My first “proper’ish” job was IT consulting for a small publisher that shall remain nameless. I had paying work before, temping for a warehouse stocktake and as a teaching assistant at university, but I never considered them jobs. In order to provide a little structure to my memories posts I’m going to go through my work and education experiences, starting with that publisher.
In early 1997 I began thinking that perhaps a PhD wasn’t right for me and started perusing the University job board. There was a part-time position to create an online presence for a publisher at a rate only a student could consider acceptable. It was a perfect opportunity for me to see what the world of work was like. Previously I thought I would stay in academia forever. Thus in early 1997 I ended up in the one room office of a small publisher with surprisingly high profitability based on the back of low costs in Australia and high sales in America.
The firm was run by a nice middle aged couple, publishing books of what essentially amounted to tables of data. They gave me a copy of their latest book and I immediately saw the potential for them on the then burgeoning web. They weren’t so interested in that, or at least they acted cool on the idea. Instead I spent the next few weeks (a few hours per week) hooking up the office computers to a local ISP, training everyone on the Internet (email, web, some basic html, etc) and creating a simple brochureware web presence. One exchange sticks in my memory. I asked about their database. “Database, what’s that?” “Where do you keep the data you publish?” “Oh, you mean ”Quark“:http://www.quark.com/.” It turns out they kept all the data tables as text in their publishing system.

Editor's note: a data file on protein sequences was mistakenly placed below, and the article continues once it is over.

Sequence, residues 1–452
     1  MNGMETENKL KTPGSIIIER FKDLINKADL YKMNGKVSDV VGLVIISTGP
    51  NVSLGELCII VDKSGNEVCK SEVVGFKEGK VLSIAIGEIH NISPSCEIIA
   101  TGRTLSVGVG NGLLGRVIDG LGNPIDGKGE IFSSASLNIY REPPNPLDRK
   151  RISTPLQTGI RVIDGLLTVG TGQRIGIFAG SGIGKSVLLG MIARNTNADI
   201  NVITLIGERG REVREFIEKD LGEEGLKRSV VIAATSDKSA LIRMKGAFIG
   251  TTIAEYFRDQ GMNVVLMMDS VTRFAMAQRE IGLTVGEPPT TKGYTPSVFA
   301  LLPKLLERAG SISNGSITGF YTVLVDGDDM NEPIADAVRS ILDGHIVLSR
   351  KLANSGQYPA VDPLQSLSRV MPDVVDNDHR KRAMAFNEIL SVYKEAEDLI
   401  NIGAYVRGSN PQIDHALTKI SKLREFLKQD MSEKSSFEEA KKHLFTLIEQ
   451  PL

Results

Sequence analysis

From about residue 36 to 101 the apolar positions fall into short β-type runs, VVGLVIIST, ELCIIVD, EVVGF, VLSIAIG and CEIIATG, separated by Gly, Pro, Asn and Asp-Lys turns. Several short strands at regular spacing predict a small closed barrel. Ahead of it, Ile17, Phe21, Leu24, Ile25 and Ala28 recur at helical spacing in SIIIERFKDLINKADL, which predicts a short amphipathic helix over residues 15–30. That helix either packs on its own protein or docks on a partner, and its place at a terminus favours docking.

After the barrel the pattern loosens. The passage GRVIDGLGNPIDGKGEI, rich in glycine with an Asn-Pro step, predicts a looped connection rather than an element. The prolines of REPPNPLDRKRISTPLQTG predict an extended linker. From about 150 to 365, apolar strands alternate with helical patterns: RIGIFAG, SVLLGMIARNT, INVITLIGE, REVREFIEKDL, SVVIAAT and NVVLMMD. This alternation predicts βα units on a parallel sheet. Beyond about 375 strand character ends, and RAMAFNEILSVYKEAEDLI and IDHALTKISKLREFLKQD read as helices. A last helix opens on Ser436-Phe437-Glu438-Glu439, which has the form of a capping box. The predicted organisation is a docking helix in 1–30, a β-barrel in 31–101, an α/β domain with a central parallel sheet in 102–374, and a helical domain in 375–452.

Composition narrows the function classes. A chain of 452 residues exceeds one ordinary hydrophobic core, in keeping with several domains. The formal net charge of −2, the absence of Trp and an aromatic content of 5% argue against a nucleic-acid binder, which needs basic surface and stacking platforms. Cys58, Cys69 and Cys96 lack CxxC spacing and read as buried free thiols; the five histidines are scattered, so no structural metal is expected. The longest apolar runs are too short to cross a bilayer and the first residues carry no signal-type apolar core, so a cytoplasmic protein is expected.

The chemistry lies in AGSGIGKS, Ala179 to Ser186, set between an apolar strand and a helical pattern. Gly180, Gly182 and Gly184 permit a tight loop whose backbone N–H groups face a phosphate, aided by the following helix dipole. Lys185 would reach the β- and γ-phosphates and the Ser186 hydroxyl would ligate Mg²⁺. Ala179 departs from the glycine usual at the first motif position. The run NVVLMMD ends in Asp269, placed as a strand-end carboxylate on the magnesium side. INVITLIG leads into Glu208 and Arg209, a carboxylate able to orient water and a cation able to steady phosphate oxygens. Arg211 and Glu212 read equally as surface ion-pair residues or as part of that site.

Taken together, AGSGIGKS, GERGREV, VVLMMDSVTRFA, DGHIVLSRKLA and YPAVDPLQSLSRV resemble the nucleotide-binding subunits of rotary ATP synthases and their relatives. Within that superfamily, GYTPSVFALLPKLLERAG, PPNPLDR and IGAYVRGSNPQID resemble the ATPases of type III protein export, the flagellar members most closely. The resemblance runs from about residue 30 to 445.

The most interested person in the office was the owner’s son. At the time the public was just becoming aware of the dotcom boom. He clearly wanted to make a mark on the world and saw the possibilities in his parents’ business. One day he said he had a great idea. We could scrape the Internet for email addresses and send all of them ads for their books. I told him about spam and that I didn’t want to do that. There were a few other strange conversations and I always felt a little uneasy around him.
The experience scared me back to my studies, but only for a while. After sixth months, I left my PhD permanently and started fulltime at Electrolley (but that is a whole other story). A few years later I bumped into the son again at the shops (just before the dotcom bust). He said they had employed a few students to build a site for the publisher and it was going well. No mention of the other stuff. I checked out their site and it did indeed look good and useful. For a fee you could subscribe to the site and get personalised access to their data. I looked again just before writing this and they still exist and have gone even farther, with more features including most recently iPad and Android apps. Yet I have never regretted leaving.